Tuesday, November 17, 2009


It all started with the wake we had for Singing Jim. The greatest shearer’s cook who ever stoked a brick oven. Jim ended up in an old men’s home but just beforehe did he passed on to his best mate a gold watch that he’d secretly kept through all his ups and downs. In earlier times he went without rather than sell it. He wanted to die leaving enough to finance a wake for his mates. So that’s what we did. Pawned the watch, put the funeral notice in the paper in big type inviting his old mates. Of course we mentioned there was a wake to follow. And what a wake it was.
Cooks are important to a man who’s working hard. And many of us could remember walking back to the huts after a hard day’s work at the shed. First we’d hear Jim singing an Irish air with a lilt that would charm the Gestapo. Then next we’d smell the tucker wafting up towards us bringing on a hunger that chased away our weariness. And out of the oven he’d produce legs of mutton that he’d turned into turkey. And they’d be of a colour that would have you think they’d been painted by an old master.
Well, we did his memory proud. We drank his health enough to have breathed life back into him. We reminisced about his skills in the kitchen. The way he plattered the sausages. The way he cut lambs fry so thin. His cream horns and meat pies. And the way someone would have to stand with a wet chaff bag ready to toss it over the sponge cake when he took it from the oven just in case it floated away.
Well, when I woke from the wake I had a taste in my mouth as if I’d been licking a dog’s backside, listless and weak my body felt as though I had been squeezed through a mangle.
The living must live, so I got up and dragged myself into the ant heap where we make the rent.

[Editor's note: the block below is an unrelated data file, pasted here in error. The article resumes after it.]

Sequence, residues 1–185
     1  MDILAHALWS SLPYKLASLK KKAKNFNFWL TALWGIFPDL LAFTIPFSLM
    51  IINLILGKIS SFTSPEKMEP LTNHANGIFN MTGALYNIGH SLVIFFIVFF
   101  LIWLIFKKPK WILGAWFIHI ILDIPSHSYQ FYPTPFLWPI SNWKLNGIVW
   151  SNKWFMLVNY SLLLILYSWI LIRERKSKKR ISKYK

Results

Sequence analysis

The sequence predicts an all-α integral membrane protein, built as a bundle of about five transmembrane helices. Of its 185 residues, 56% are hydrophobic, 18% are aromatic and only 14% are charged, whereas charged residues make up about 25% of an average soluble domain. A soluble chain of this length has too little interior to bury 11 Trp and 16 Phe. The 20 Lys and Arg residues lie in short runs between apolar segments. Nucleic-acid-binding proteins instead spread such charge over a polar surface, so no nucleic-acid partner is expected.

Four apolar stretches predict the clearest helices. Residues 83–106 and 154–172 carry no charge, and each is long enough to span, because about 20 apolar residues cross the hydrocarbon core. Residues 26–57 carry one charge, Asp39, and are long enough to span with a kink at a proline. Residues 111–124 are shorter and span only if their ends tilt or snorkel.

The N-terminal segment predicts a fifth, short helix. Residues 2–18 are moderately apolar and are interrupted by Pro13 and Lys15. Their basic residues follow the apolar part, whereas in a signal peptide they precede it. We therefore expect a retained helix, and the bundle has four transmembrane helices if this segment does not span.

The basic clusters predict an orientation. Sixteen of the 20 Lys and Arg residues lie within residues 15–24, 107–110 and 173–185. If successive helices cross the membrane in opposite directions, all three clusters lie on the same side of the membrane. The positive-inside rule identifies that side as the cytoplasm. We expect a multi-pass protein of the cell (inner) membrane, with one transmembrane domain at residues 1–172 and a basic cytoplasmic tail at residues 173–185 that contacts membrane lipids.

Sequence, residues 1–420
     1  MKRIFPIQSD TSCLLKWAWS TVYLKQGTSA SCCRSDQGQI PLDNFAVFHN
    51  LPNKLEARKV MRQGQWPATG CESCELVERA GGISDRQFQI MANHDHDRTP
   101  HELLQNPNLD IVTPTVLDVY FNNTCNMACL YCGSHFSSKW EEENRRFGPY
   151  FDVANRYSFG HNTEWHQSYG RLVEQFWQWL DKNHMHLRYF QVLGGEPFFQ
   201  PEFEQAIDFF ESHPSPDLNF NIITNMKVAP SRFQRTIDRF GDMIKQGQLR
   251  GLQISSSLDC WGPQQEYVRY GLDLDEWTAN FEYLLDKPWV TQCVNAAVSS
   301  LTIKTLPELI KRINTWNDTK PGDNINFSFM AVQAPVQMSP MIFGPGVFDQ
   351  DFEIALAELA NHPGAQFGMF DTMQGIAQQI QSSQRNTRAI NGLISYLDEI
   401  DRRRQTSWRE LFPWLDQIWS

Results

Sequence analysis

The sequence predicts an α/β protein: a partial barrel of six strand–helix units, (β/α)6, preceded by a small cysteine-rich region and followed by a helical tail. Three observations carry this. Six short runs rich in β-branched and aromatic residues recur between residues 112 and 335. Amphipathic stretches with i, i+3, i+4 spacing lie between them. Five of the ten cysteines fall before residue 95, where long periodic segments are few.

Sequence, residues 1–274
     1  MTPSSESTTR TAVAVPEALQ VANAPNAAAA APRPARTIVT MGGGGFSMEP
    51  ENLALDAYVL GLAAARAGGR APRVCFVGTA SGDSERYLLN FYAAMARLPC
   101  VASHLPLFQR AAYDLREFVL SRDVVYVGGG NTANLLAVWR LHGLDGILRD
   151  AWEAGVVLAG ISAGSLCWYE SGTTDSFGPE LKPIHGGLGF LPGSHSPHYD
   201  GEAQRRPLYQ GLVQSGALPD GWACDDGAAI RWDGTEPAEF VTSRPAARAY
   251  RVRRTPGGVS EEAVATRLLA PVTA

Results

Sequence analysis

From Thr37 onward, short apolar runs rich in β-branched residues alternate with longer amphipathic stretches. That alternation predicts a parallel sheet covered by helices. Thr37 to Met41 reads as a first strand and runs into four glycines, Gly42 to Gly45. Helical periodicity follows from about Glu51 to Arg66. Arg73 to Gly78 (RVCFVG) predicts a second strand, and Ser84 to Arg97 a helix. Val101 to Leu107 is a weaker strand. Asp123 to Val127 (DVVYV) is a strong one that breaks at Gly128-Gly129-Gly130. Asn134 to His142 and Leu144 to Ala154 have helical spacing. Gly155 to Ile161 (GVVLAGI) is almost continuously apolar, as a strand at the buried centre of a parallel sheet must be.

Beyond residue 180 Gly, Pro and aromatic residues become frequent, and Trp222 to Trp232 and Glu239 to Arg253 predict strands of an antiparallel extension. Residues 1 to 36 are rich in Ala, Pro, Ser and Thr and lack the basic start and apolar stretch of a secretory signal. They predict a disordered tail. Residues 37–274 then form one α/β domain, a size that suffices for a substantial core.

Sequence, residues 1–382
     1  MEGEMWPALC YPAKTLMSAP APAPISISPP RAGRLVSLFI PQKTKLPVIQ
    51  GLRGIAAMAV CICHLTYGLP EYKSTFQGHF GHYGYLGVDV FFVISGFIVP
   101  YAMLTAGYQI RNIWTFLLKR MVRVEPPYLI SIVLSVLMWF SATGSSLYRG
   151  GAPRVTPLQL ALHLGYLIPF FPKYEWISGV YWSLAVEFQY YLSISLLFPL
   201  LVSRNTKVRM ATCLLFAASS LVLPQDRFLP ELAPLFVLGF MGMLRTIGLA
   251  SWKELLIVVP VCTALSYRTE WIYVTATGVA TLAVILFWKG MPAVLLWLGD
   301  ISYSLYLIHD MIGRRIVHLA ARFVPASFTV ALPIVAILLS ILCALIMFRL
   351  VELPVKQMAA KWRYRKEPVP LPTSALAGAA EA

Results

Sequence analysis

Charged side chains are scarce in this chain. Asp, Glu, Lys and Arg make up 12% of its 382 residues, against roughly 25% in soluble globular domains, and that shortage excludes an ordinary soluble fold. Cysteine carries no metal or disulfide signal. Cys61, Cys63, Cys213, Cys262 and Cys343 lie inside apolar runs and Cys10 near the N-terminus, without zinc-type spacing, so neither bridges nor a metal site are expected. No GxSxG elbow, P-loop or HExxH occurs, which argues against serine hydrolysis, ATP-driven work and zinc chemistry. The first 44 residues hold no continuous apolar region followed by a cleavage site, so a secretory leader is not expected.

Late in the day, still feeling the worse for wear, I passed a shop occupied by a Chinese herbalist. Hang on, I thought. I’ve heard about the wonderful healing secrets of the East. So I went in.
Two slight Chinese lads were busily dispensing and weighing an unbelievable variety of herbs and barks and nuts and dried things. They looked at me through the scales that each held in his hand.
Pointing to the cabinet of a thousand compartments from which they were taking their ingredients I said, “Any one of those drawers have something to fix a crook liver?”
Now an old mate of mine once told me that the only cure for a dickie liver was death. However it was worth a try.
“You will have to see the herbalist,” was the reply from the dispensing assistants.
“No. I thought I’d just see if you had a berry I could suck or a bit of bark I could chew that would fix up the old bile bag.”
“You will have to see the herbalist.”
Well I paid my ten dollars and was taken around the back of the cabinet and given a seat. I waited for the herbalist. Eventually the door of the small consulting room opened and he farewelled his previous patient, who was a rather attractive European lady, which increased my confidence. He stood there, not much more than a shadow, he had a face which was a grill of stained teeth flashing a bit of gold. And in front of his face he held a cigarette. Not the way we hold a cigarette between the V of our fingers, but resting on all of his fingers as if it was a blow pipe instead of something you draw on. He took a puff, gave me a toothy smile and beckoned me towards the consulting room. As I rose he burst into the most convulsive fit of coughing, so much I feared for his life. But without any embarrassment he followed me into the room and sat me down, and then sat himself down on the other side of the desk. The coughing was coming to an end.